I have a couple of surgical masks on hand, and I’m going to try one of those the next time I have to go anywhere, because getting cat food at Target (which, apparently, doesn’t actually sell pet supplies any longer, or at least ours doesn’t, or at least they’ve hidden them well enough that I couldn’t find them anywhere?) damn near killed me tonight. It was bad, y’all.


It still, despite the video and despite the fact that I haven’t actually been in my classroom since the middle of March, not quite hit me that the school year is basically over. I finished my grading today; I will finish my actual grades this weekend at some point, and Monday is some staff meeting types of things, and … that’s it. I’ll have survived (more or less) my first year back in the classroom in a while. More thoughts on this later, I imagine, once it actually manages to wash over me and it feels like it means something.


8:05 PM, Friday, May 29: 1,745,606 confirmed cases and 102,798 dead Americans.

In which there is an unexpected development

I have recently come across an Employment Opportunity that is worth thinking about and investigating. Don’t get too excited; I haven’t even decided to apply, much less done so and been called for an interview or anything like that. Nor do I know how much it would pay. But for now, just trust me that it’s an Employment Opportunity and leave it at that.

At any rate, I’m bringing it up because my first thought upon discovering of its existence was I’m not sure I want to leave teaching right now. And, more broadly, I’m not certain I want to leave teaching again.

Which is … not the direction I thought my life was heading a few months ago. One of the numerous problems with being a teacher, of course, is the limited window one has to find a new job if one wishes to 1) stop teaching without 2) abandoning one’s current students. And I am finding that I am far enough into the year and I like my kids enough (most of ’em, at least) that the notion of ending the school year early even for a much more lucrative job gives me quite a bit of pause. The most amazing thing is that I’m not currently planning on a mad scramble for a new job this summer. For the first time in forever I feel like if I ended up in the same job next year that I have this year I’d be okay with that. And that surprises the hell out of me, especially since I mostly teach 8th graders who are all going to be gone next year anyway whether I like it or not. One way or another I’m highly unlikely to be in these kids’ lives for more than about seven more months; is it really that big of a deal if I were to leave in, say, January rather than June?

Apparently it is.

I’m going to look into this job anyway, because there’s no harm in looking into it; it’s not like I’m committing to anything by putting in an application, and they may not be interested in me or it may turn out that the job doesn’t pay enough or really any number of things. But it’s odd to realize that I’m back in the position where “Yes, please, now, please” wouldn’t be my immediate reaction to escaping the classroom again, especially since ending up where I have was at least a bit of a last resort anyway.

God help me, I may actually be enjoying my job again. Weird, innit?

On new habits

article-2421505-1AA2E1E3000005DC-504_964x740First of all, I have no idea where this image came from.  I can reconstruct the original Google search but I sort of fell down a rabbit hole after that and I can’t be held responsible for pictures of dogs climbing on elephants.  I just can’t.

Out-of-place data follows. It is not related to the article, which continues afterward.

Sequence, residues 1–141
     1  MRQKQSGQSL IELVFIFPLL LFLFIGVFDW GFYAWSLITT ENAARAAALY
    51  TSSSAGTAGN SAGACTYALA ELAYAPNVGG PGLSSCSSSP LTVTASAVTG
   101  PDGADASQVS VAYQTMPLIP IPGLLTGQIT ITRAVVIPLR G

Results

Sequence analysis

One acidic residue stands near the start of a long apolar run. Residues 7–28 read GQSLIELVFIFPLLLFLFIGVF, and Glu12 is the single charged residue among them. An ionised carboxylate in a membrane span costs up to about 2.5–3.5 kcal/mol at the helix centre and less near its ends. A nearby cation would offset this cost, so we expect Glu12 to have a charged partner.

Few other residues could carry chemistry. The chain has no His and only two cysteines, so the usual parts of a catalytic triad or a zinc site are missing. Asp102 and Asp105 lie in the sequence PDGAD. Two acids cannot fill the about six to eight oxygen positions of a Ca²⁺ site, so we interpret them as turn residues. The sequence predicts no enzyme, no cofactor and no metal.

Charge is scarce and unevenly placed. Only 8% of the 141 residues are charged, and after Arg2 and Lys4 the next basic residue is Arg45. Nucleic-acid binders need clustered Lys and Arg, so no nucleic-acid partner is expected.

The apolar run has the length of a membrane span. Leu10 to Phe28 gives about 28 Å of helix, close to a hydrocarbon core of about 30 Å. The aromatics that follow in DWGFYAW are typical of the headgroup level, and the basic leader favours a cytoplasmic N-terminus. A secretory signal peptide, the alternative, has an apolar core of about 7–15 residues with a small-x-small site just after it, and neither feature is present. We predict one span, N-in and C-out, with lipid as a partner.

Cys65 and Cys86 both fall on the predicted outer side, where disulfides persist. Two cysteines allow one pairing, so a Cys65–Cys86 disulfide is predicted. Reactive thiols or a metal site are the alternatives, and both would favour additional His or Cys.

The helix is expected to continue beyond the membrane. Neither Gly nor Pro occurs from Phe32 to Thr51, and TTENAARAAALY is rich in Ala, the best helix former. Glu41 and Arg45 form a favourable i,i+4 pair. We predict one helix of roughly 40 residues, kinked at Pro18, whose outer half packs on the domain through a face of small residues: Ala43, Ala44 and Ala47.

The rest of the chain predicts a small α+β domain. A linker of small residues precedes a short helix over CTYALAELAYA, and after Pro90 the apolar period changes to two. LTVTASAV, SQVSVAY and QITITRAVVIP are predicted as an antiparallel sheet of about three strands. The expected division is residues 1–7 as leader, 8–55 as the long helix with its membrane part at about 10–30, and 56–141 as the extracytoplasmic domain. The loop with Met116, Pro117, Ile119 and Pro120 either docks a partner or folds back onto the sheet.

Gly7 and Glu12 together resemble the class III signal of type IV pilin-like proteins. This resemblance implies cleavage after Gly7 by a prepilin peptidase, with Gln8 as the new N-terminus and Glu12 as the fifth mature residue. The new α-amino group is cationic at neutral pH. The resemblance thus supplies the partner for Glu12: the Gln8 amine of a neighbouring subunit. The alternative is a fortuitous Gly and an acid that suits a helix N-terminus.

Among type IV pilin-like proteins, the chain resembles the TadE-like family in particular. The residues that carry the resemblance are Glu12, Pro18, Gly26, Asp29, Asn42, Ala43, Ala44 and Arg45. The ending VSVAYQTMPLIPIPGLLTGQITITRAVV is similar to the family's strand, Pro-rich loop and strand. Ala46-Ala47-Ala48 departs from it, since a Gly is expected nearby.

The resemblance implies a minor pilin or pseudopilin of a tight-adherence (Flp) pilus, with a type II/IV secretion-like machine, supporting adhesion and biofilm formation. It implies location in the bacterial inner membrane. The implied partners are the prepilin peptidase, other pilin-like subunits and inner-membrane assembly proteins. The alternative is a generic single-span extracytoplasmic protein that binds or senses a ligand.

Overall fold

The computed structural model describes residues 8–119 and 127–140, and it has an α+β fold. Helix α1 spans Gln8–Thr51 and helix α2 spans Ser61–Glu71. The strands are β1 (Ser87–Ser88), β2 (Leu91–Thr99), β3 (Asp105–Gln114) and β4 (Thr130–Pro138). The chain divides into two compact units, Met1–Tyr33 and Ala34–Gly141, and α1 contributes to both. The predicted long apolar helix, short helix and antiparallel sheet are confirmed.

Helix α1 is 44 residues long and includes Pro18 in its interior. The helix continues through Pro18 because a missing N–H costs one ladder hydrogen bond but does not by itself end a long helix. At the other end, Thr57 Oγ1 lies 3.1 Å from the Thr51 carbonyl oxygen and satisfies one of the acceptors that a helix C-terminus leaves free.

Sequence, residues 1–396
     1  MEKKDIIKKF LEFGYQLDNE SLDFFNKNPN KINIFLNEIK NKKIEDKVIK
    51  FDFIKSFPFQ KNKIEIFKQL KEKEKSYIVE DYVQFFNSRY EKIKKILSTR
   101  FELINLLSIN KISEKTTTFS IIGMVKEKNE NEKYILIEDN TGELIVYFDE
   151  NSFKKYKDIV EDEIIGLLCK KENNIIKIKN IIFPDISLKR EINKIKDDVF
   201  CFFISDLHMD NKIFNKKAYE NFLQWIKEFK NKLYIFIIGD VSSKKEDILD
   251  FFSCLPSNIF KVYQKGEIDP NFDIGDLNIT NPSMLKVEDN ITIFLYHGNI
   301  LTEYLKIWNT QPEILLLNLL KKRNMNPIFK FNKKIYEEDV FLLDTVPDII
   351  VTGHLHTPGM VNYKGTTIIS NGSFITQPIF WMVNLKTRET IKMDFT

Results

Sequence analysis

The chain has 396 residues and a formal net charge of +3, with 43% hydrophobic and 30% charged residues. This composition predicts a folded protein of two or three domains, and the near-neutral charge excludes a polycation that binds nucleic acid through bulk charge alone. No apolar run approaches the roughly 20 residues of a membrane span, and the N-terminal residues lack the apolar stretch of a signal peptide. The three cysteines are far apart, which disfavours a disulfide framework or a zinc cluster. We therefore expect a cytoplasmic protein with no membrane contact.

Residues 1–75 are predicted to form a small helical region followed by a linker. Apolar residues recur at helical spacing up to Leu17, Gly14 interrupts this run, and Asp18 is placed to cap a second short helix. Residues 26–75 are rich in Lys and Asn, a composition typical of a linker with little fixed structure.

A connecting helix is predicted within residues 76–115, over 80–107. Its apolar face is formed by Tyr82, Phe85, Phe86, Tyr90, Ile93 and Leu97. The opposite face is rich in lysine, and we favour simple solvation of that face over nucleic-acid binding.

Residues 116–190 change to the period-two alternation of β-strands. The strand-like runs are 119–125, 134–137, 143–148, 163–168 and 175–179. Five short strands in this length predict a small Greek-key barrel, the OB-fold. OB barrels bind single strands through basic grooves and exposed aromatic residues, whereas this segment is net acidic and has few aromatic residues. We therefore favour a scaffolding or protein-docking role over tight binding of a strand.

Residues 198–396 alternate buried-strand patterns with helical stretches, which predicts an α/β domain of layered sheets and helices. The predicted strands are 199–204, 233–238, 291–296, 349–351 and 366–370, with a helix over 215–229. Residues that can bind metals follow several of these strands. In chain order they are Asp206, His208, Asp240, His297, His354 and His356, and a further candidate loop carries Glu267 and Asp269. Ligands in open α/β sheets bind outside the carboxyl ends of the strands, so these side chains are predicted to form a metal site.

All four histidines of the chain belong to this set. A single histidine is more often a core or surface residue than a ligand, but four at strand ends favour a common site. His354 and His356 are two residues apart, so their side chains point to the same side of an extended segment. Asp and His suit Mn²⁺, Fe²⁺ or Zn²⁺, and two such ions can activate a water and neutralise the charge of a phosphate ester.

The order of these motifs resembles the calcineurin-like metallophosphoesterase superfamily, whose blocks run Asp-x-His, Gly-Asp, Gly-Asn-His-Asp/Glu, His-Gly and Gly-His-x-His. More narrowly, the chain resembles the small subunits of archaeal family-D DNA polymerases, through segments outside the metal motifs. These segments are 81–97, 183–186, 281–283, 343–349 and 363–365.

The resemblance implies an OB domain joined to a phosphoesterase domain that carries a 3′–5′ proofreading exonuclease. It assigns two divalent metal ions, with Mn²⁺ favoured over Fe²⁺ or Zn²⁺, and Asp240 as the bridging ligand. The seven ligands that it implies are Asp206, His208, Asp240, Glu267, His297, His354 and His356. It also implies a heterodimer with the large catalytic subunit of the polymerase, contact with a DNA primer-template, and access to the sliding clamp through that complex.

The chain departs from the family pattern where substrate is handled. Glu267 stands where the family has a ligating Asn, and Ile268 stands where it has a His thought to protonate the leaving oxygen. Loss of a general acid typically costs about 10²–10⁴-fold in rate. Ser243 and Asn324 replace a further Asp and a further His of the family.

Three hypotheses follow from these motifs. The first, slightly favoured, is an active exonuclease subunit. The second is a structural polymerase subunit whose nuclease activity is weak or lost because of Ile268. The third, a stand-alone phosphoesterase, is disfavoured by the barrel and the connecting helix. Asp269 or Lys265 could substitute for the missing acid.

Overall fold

I completed my final act of outstanding customer service this morning, which required an hour-long drive up to Michigan to return the now-repaired piece of furniture I had picked up last week.  Everything went fine; the piece was fixed to my and their satisfaction, the drive was pleasant, everyone was happy,  and the hell-rain that filled up the entire afternoon didn’t start until after I got home.

I spent most of the drive up there listening to podcasts.  I’ve got a handful that I’m pretty fond of now, meaning that pretty much any time I have time to listen to them there are going to be a handful of new episodes on my phone.  A few notables:

  • Pod Save the People
  • Lore
  • Aaron Mahnke’s Cabinet of Curiosities
  • Nightlight: The Black Horror Podcast
  • Feminist Frequency Radio
  • Females in Fantasy
  • Mass for Shut-Ins

And just today I noticed one called Subliminally Correct, which I haven’t actually listened to yet but it’s a couple of psychologists talking about subconscious messaging and propaganda in politics, which definitely sounds up my alley.

It hit me on the way home that starting in a couple of weeks I will have no time to listen to any of these, ever, unless I radically change how I interact with podcasts.  Because podcasts are for the car, and what with my drive to work having been cut down by about 90% I’m just not going to be spending any time in the car any longer.

It’s interesting, right?  You think of a new job as just a change of job, but in this case there are all these ancillary lifestyle changes that are coming with it– and, really, it’s not unfair to say that the lifestyle changes were a huge part of I wanted the new job in the first place.  My wife and I were sitting on the couch yesterday evening after she got home from work, each of us trying to get the other one to commit to some sort of plan for dinner, when she looked at me and said “This is what our lives are going to be forever, now.”  It hit me that in a real sort of way, after two years of me working every weekend and until 8 three nights a week, there’s going to be a real element of my wife and I having to relearn how to live together again.  And to be clear, I am not not not complaining about that, and I’m looking way forward to it, because it’s what I want.  But there’s no reason to pretend it’s not going to be a thing.  I haven’t cooked dinner in a while!  Maybe I’ll start cooking again!  I mean, we’ll have to, right, what with being home together for dinner for– gulp– seven nights a week.

Crazytown.

Well, that’s enough of that

As if today wasn’t enough of an unalloyed shitstorm already (those last two posts were both after midnight) I am pretty sure that I am now back on the job market.  No, I haven’t quit– and I won’t until I have a new job– but I’m back to looking.  I don’t even have the energy to go into why right now.  Maybe sometime this weekend.

Until then, and on a happier note, if you haven’t watched Stranger Things yet, it’s worth paying for Netflix all by itself.